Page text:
SINGAPORE: A 32-year-old Singaporean man, Muhammad Dzulhilmi Salimi, has been sentenced to five years and four months in jail and five strokes of the cane for the importation of cannabis-laced gummies and candies.
This marks the Republic’s first conviction involving the importation of cannabis edibles, highlighting the severity with which Singapore treats drug-related offences.
Dzulhilmi pleaded guilty on Monday (18 Dec), to charges including importing a controlled drug, consuming drugs, and possessing utensils intended for drug consumption, as reported by CNA.
Additionally, he faced charges for growing three cannabis plants in his Housing Board flat at Bedok Reservoir Road, a factor considered in his sentencing.
The court learned that Dzulhilmi purchased the cannabis edibles through the mobile application Telegram, communicating with an individual known only as “Nabil,” residing in the United Kingdom.
Nabil specialized in selling cannabis and sweets containing tetrahydrocannabinol (THC), a psychoactive substance found in cannabis.
Dzulhilmi ordered 20 packets of sweets from Nabil, paying £200 (S$337) in Bitcoin through a friend. He instructed Nabil to repack the sweets to appear less suspicious, but Nabil deemed it unnecessary.
The parcel, containing 19 packets of cannabis-laced sweets, was intercepted by an Immigration and Checkpoints Authority officer at a SingPost Centre in Eunos on 19 October 2022.
CNB officers arrested Dzulhilmi on the same day, discovering cannabis plants, loose cannabis, and drug paraphernalia in his residence.
Photos provided by the Central Narcotics Bureau (CNB) depict the colourful and enticing packaging of the seized sweets, resembling well-known candy brands.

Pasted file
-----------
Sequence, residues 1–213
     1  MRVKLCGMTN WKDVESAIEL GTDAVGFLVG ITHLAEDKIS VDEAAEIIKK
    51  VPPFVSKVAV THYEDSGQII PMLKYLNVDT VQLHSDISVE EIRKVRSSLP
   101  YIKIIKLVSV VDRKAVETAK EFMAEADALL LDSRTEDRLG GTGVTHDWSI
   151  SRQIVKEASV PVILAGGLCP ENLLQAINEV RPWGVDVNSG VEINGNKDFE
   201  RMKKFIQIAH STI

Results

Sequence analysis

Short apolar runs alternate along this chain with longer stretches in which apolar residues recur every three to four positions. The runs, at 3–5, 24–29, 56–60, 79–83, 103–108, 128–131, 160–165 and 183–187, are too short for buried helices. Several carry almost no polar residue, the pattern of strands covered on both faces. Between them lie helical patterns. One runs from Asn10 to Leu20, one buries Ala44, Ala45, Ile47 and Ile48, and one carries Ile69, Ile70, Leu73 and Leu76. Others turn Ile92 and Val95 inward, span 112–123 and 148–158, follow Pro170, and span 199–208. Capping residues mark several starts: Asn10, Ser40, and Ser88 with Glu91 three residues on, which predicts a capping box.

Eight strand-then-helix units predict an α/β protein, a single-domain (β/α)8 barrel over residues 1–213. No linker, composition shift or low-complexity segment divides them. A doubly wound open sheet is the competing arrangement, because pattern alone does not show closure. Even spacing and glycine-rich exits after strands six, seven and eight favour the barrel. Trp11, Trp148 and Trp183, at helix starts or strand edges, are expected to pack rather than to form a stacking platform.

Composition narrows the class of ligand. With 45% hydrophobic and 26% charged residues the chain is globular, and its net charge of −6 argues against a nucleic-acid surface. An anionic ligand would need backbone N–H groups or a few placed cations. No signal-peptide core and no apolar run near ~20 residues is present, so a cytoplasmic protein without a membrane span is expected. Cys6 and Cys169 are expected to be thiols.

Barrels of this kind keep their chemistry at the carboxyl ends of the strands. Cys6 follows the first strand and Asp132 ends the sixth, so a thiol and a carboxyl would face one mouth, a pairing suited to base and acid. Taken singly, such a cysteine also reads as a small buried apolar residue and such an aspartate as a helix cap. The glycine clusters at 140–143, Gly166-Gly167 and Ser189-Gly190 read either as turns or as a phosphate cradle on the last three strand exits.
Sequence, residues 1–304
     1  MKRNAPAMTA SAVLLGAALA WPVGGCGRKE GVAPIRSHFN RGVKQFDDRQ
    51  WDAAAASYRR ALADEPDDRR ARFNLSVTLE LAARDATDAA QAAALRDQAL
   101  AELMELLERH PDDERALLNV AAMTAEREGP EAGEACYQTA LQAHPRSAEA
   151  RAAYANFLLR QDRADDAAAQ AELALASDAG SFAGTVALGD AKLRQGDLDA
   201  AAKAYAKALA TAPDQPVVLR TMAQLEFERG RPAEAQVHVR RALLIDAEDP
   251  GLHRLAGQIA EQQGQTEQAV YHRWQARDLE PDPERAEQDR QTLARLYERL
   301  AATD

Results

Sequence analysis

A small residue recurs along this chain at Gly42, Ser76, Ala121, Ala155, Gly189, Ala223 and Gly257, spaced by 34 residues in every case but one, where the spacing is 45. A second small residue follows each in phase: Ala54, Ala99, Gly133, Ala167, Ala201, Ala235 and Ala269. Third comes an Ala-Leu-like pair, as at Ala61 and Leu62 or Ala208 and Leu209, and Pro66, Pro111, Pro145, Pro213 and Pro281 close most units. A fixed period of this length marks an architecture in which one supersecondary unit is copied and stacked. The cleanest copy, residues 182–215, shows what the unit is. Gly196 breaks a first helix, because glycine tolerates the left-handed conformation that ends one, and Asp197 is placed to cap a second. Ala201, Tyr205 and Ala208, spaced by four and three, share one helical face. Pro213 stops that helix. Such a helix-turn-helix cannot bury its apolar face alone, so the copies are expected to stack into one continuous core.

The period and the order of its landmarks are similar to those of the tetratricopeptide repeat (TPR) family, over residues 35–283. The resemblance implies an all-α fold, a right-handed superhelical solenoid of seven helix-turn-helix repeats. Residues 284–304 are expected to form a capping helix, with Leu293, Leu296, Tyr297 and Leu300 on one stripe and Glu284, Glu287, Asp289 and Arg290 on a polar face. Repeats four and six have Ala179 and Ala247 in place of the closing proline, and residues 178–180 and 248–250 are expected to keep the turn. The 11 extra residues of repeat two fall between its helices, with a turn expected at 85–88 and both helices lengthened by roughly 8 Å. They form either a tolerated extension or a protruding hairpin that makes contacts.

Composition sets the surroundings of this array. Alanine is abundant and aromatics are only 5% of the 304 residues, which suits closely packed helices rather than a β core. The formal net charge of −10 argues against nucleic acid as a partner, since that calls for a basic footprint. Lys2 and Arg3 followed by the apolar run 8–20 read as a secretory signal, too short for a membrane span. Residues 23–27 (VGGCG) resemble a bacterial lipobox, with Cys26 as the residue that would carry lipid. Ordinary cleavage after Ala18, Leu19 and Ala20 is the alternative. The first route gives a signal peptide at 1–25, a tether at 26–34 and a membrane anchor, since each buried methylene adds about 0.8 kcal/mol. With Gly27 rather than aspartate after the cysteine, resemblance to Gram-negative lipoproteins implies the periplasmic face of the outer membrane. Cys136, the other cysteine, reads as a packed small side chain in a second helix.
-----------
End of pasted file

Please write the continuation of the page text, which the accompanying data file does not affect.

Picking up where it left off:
Deputy Public Prosecutor Eugene Lau sought a sentence of five to six years imprisonment and five to six strokes of the cane, emphasizing Dzulhilmi’s intention to sell the drugs to friends.
The defence argued that this was Dzulhilmi’s first offence, and he cooperated fully during investigations, pleading guilty at the earliest opportunity.
In response to the case, a CNB spokesperson reiterated that consuming or importing controlled drugs, including cannabis products or edibles, is illegal in Singapore.
The spokesperson emphasized that even overseas, Singapore citizens or permanent residents found to have consumed controlled drugs could face legal consequences.
The CNB drew attention to the global rise of cannabis edibles, cautioning that these products are “irresponsibly marketed as harmless consumables.” They highlighted concerns that the innocuous appearance of these edibles may entice unsuspecting individuals, especially youth, to consume them, risking intoxication and potential overdose.
Furthermore, the CNB referenced scientific evidence indicating the addictive and harmful nature of cannabis, citing studies that highlight the adverse effects of long-term cannabis use, including an increased risk of developing psychotic symptoms or schizophrenia.
The case in Singapore echoes a broader international concern, a surge in accidental cannabis edible consumption among children under six in the United States, leads to health outcomes such as central nervous system depression, including symptoms like drowsiness, lowered blood pressure, and slurred speech.
This raises questions about the responsible marketing and regulation of cannabis-infused products globally.
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